The WRPA has sent an open letter to WRU chairman Ieuan Evans following a BBC investigation, which featured former WRU employees alleging incidents including racism and homophobia during their time with the organisation
Last Updated: 27/01/23 9:30pm
The Welsh Rugby Players Association has urged the Welsh Rugby Union to take the “strongest possible action” after allegations of sexism and bullying within the organisation.
An open letter was sent to WRU chairman Ieuan Evans from the WRPA following a BBC investigation, which featured former WRU employees alleging incidents including racism and homophobia during their time with the organisation.
One contributor admitting she had considered suicide as a result of her experiences.
The open letter read: “These unacceptable incidents, arising from a culture that enables such behaviour, have a profound impact on individuals and communities throughout society, and within the game we love.
“It is time that the WRU and its leadership truly takes responsibility for living up to the inclusive values that rugby claims to pride itself on. Otherwise discriminatory behaviours, with a lack of condemnation and consequences, create an environment that discourages people from being part of our game, including but not limited to women and those from marginalised groups.
“Specifically, we urge the WRU to investigate the process that was carried out when the allegations were originally raised and review the outcomes. We also call for transparency with all stakeholders and the public regarding the outcome of the review we understand will now be conducted into the WRU’s culture, along with what solutions will be put in place as a result, to ensure that such occurrences are prevented in the future.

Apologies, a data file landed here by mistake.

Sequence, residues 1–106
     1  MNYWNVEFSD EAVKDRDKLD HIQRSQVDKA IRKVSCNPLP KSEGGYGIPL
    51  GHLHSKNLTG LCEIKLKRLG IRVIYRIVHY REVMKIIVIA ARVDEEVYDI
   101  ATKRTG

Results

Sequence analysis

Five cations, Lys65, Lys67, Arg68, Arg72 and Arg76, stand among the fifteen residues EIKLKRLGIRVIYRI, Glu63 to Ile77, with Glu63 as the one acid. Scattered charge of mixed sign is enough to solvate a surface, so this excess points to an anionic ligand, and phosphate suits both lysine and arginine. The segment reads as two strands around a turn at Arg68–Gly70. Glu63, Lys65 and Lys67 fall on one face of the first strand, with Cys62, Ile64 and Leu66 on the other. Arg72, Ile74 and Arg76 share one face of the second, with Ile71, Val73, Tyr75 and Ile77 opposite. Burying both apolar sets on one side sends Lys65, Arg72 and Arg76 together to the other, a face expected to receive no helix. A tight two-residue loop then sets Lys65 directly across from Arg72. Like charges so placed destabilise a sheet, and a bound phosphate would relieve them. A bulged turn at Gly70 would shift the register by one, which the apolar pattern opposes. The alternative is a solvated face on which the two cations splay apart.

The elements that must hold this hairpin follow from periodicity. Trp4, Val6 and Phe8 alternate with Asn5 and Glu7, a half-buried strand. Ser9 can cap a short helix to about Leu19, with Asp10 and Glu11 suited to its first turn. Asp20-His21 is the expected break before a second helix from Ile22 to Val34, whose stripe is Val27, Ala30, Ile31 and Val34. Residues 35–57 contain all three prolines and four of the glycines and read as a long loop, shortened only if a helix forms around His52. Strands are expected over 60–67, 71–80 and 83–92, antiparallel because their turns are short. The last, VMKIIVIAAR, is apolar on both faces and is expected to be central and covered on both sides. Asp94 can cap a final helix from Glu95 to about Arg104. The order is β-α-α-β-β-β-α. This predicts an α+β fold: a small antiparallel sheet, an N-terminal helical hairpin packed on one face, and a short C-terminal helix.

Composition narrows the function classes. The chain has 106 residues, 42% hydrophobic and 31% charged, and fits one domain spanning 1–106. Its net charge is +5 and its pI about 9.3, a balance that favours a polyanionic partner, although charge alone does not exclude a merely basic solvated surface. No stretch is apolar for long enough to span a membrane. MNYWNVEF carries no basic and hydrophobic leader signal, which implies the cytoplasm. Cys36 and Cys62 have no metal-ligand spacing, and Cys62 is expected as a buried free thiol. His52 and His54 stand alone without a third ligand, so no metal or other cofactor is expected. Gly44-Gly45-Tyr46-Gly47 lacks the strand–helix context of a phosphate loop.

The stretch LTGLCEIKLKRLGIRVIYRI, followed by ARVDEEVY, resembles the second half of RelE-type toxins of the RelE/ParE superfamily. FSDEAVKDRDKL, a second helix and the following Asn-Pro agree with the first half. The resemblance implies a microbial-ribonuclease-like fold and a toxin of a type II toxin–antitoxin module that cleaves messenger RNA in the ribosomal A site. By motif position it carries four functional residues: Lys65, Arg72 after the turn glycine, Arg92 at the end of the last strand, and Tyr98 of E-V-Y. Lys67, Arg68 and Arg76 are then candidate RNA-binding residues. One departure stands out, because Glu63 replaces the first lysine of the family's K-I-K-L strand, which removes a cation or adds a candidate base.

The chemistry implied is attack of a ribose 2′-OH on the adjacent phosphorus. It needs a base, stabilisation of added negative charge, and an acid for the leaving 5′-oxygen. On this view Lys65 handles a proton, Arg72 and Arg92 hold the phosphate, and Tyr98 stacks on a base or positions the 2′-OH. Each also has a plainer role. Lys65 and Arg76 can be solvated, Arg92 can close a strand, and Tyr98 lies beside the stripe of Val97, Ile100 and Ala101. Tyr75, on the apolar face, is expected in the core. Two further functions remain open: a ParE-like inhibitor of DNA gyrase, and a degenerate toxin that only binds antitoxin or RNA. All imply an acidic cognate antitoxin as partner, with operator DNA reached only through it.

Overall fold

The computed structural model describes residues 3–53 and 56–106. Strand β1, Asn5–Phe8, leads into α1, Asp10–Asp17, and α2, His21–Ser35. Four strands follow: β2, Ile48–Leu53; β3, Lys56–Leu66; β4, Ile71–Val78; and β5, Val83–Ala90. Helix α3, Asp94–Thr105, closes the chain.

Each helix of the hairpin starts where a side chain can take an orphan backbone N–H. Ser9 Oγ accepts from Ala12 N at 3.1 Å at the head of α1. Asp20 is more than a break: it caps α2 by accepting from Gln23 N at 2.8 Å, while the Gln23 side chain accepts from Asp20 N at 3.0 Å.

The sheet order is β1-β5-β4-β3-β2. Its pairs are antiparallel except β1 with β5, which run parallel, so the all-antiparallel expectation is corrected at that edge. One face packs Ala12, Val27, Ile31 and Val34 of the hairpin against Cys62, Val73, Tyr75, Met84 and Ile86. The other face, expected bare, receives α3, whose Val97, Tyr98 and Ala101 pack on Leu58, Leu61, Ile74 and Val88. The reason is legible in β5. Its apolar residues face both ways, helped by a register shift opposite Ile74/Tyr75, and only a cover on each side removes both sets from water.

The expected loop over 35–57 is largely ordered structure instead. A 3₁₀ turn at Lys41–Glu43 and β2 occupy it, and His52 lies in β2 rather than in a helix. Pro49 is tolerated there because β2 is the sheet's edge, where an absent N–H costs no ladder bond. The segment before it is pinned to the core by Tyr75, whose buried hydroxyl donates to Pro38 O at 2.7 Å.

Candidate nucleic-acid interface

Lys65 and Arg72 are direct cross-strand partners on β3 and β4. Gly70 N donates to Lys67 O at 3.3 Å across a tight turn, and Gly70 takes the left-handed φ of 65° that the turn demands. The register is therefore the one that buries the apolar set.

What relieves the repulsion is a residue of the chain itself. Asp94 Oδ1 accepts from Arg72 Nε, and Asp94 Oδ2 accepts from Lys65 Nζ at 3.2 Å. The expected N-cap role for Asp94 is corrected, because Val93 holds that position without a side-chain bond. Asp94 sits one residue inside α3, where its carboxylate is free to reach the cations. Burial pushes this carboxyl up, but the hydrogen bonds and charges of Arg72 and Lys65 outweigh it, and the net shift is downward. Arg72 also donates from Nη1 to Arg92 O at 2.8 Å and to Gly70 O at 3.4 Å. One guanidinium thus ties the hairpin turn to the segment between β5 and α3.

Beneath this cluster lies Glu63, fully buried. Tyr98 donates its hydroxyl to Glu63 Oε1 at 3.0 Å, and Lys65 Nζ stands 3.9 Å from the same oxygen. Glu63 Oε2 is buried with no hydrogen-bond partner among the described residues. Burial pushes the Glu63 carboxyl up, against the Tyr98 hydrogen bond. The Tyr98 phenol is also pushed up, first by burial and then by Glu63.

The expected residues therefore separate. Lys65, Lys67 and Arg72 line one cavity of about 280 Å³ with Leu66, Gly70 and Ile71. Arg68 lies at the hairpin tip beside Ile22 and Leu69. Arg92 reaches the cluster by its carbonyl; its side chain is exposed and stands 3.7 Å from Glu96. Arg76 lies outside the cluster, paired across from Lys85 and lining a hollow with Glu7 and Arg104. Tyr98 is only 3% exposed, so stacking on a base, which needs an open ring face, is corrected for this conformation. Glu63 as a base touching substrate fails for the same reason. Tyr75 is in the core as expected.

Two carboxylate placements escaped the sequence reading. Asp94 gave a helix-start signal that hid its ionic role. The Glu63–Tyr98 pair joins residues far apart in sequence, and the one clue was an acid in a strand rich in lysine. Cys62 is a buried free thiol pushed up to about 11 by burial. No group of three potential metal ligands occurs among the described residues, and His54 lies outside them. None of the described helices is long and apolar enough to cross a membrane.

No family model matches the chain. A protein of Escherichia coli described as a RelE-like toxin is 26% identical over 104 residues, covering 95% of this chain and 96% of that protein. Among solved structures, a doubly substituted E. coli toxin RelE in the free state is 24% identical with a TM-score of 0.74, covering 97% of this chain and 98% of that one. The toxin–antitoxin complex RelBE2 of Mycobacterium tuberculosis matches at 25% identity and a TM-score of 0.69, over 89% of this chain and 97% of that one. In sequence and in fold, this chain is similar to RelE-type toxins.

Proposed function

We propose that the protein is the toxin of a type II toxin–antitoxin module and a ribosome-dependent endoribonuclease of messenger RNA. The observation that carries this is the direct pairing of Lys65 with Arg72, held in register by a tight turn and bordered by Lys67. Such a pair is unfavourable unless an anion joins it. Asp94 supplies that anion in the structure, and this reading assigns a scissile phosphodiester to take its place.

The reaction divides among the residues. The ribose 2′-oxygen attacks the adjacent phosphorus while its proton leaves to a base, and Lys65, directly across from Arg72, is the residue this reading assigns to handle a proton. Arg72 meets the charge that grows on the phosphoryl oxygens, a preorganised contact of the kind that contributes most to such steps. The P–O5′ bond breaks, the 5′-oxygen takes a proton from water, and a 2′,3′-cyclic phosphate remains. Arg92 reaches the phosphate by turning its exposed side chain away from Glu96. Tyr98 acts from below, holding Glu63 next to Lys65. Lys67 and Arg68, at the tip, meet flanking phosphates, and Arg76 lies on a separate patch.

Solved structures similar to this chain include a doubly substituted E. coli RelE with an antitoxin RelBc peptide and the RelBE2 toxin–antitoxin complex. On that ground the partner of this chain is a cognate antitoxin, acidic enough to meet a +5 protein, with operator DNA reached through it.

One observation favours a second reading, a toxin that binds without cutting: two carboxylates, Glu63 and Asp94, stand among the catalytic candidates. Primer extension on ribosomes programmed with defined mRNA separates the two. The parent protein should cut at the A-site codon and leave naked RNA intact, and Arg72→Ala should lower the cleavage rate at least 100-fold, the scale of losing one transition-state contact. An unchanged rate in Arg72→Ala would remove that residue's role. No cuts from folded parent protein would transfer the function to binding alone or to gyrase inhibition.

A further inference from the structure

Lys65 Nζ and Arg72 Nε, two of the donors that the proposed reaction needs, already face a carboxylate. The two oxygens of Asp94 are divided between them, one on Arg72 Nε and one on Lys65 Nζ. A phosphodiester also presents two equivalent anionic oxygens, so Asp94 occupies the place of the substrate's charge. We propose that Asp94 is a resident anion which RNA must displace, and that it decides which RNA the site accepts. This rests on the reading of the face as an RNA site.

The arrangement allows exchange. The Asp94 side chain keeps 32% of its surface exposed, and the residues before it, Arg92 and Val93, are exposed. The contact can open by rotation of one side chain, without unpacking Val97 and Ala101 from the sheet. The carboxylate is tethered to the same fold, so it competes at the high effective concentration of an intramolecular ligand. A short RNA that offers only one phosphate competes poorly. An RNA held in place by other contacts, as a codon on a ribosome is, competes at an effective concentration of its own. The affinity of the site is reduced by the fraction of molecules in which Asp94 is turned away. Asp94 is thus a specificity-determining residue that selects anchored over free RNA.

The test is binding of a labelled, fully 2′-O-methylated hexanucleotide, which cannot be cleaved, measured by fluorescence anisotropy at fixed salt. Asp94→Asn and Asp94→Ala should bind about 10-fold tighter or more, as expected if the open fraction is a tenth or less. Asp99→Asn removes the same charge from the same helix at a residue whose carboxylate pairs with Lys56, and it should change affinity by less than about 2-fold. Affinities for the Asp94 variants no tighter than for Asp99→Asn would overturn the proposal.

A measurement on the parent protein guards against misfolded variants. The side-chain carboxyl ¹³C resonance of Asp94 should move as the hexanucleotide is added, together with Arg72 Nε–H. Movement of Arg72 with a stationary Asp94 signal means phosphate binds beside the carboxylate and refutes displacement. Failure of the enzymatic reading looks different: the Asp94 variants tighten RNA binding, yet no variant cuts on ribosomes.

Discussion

“Ultimately, we support the strongest possible action being taken as soon as possible, to address the wide-ranging concerns that have been voiced from across the game and our nation.”
‘I am pleading with you to make the right decision for the WRU’
Cardiff director Hayley Parsons has called for WRU chief executive Steve Phillips to resign from his role in the wake of the allegations.
“In my role as non-executive director of Cardiff Rugby, I constantly witness and have to deal with the fallout of incompetence at the WRU,” Parsons wrote in a letter.
“I believe the board, in its current state, does not possess the expertise or experience to run the WRU, which is essentially a £100m company.
“As a group of individuals, they are not fit for purpose and the future of Welsh rugby requires people with the capability and experience to turn this urgent and dire situation around.
“Many people have told me first hand about the culture of bullying and manipulation within the WRU. I was saddened but not shocked to read the comments from Amanda Blanc, one of the UK’s leading businesswomen who invested her time and effort in the future of Welsh rugby, only to be disrespected and devalued, subsequently leaving her role.
“As a business professional and entrepreneur, who founded a multimillion-pound business that remains in Wales, I am pleading with you to make the right decision for the WRU.”
Parsons went on to call for change to the WRU’s treatment of its staff, clubs and ‘dominance’ over the game, before urging the formation of a new board.
“The WRU’s dedicated and hardworking staff, most of whom are a credit to the game and work tirelessly to champion it, are being failed by the WRU’s continued unwillingness to accept responsibility for the failures at board level to tackle the toxic and oppressive culture within the Union,” she added.